2
$\begingroup$

In frequency domain $\zeta>0.707$ implies no resonant peak in frequency response. But I am unable to correlate what is the exact time domain effect of this? If $\zeta=0.707$ acts like an 'important damping value' in the frequency domain, shouldn't its importance be reflected in time domain as well. But in time domain $\zeta=1$ is where system behavior changes.

$\endgroup$
2
$\begingroup$

You are absolutely right that the damping value $\zeta=1/\sqrt{2}$ is important for the frequency domain behavior of a second-order system. However, as you've also noted, there is no one-to-one correspondence in the time domain. Generally we distinguish over-damped ($\zeta>1$), under-damped ($\zeta<1$), and critically damped ($\zeta=1$) systems, and these categories have distinct time-domain behaviors. Over-damped and critically damped systems only have real poles, whereas under-damped systems have complex poles, which results in oscillations in the impulse and step responses.

Note that only under-damped systems are useful for implementing frequency-selective filters, because the pole angles are related to the cut-off frequency, i.e. you need complex conjugate poles. So for frequency-selective filters you only consider under-damped systems, and then you can find different categories of under-damped systems according to their behavior in the frequency domain. A second-order Butterworth low pass filter has $\zeta=1/\sqrt{2}$, i.e. it is maximally flat at $\omega=0$, a Bessel low pass is even smoother and has larger damping ($\zeta=\sqrt{3}/2$), and a Chebyshev low pass filter is less damped than both of these filters. All of these filters satisfy $\zeta<1$, i.e. they are under-damped.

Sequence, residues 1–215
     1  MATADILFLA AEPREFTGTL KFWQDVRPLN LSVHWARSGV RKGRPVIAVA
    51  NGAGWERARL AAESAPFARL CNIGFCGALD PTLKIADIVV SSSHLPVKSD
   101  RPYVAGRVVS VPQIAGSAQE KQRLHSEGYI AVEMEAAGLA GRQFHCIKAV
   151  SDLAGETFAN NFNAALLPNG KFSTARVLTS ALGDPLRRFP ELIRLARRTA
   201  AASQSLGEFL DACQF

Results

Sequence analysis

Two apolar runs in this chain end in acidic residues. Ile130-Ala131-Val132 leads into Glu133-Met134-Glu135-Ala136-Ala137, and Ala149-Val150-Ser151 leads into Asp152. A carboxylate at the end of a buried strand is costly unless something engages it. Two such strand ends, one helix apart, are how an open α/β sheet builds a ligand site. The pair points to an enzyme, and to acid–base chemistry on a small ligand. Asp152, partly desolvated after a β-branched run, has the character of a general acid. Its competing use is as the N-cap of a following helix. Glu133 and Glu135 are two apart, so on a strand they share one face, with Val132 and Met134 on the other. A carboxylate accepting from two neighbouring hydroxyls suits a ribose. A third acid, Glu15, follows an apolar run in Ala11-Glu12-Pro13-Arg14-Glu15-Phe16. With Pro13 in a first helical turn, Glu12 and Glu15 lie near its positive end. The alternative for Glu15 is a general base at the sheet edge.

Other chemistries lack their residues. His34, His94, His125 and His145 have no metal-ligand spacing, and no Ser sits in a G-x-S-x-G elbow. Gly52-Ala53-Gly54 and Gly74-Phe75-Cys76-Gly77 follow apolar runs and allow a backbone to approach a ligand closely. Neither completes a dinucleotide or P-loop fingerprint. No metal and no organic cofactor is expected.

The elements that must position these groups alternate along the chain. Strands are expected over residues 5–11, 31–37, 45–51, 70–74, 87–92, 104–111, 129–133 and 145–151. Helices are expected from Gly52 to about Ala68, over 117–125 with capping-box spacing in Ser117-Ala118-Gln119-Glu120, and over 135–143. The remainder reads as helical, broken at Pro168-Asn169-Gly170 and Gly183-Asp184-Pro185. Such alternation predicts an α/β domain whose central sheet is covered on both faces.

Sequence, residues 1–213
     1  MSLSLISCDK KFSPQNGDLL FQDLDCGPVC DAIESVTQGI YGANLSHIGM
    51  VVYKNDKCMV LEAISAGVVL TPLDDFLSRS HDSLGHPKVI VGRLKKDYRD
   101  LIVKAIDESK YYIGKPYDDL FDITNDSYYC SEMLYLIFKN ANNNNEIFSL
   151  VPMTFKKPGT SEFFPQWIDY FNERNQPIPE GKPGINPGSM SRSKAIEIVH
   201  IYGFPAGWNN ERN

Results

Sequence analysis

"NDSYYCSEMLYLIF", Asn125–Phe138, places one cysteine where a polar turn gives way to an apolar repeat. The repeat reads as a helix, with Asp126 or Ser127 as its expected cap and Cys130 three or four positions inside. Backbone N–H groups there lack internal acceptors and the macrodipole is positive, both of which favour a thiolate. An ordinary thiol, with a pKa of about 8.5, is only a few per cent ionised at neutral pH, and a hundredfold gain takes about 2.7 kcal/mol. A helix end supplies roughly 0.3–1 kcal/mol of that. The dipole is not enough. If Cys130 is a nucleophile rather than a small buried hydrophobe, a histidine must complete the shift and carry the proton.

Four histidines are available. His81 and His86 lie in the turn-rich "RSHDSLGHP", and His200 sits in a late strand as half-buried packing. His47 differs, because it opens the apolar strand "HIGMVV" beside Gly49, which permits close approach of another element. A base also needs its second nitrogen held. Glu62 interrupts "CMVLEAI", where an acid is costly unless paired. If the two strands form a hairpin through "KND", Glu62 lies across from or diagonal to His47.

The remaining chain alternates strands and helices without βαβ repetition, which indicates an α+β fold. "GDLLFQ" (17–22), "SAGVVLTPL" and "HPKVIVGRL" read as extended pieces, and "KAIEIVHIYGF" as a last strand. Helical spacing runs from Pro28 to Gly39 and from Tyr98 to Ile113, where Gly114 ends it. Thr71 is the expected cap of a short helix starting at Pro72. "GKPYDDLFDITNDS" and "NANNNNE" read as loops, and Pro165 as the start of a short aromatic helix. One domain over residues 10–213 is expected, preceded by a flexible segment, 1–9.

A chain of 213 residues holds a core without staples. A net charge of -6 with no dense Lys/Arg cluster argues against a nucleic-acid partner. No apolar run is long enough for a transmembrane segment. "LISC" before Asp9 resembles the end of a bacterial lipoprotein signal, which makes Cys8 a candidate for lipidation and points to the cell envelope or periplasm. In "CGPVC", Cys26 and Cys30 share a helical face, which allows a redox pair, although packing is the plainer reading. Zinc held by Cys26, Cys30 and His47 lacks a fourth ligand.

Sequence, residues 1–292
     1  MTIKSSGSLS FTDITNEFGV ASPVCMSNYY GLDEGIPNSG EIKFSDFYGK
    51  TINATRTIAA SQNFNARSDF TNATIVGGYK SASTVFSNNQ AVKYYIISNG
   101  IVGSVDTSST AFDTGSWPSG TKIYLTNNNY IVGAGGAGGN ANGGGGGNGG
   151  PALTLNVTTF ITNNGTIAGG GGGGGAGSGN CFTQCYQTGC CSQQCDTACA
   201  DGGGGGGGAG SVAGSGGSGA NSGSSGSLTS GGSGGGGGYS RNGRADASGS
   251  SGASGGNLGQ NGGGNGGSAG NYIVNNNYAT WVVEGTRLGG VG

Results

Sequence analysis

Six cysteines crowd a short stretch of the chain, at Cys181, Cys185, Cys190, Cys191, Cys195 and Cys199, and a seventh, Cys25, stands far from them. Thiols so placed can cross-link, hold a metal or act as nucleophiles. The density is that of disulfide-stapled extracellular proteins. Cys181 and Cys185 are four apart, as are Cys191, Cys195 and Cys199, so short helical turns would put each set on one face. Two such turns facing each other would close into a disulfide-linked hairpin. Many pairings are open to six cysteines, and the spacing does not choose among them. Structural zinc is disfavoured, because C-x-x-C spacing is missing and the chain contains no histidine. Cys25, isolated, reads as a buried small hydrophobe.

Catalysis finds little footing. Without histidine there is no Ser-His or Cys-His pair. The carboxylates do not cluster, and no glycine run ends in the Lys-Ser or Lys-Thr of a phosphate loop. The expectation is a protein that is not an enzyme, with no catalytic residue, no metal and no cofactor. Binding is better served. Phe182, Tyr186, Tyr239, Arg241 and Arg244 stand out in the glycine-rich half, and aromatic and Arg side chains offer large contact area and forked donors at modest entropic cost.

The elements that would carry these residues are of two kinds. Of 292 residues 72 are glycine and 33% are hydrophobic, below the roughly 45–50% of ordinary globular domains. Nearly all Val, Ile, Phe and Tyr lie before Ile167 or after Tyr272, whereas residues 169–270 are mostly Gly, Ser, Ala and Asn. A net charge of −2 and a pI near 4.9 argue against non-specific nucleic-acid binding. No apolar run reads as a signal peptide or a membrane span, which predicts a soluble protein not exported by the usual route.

$\endgroup$
  • 1
    $\begingroup$ "Note that only under-damped systems are useful for implementing frequency-selective filters, because the pole angles are related to the cut-off frequency, i.e. you need complex conjugate poles."... not that i disagree with Matt's judgment (i don't), i just don't think that the statement is strictly or objectively true. you can have a low-pass filter that is over-damped or critically-damped (so it has only real poles) and have a meaningful cut-off frequency. it's frequency selective to an extent, but is sorta sloppy about it. $\endgroup$ – robert bristow-johnson Dec 10 '14 at 19:48
  • $\begingroup$ @robertbristow-johnson: Yes, but the filters with a relatively quick transition from passband to stopband all have complex conjugate poles. So I meant all practically useful filters for which the frequency-selective property is of importance. $\endgroup$ – Matt L. Dec 10 '14 at 21:39
  • 1
    $\begingroup$ i'm just dotting the t's and crossing the i's. yes, filter selectivity increases with $Q$ and and any $Q>\frac{1}{2}$ will correspond to complex conjugate poles. but you can have a sloppy LPF with two real poles and there is a (sloppy) cut-off frequency related to them. $\endgroup$ – robert bristow-johnson Dec 10 '14 at 22:42

Your Answer

By clicking “Post Your Answer”, you agree to our terms of service, privacy policy and cookie policy

Not the answer you're looking for? Browse other questions tagged or ask your own question.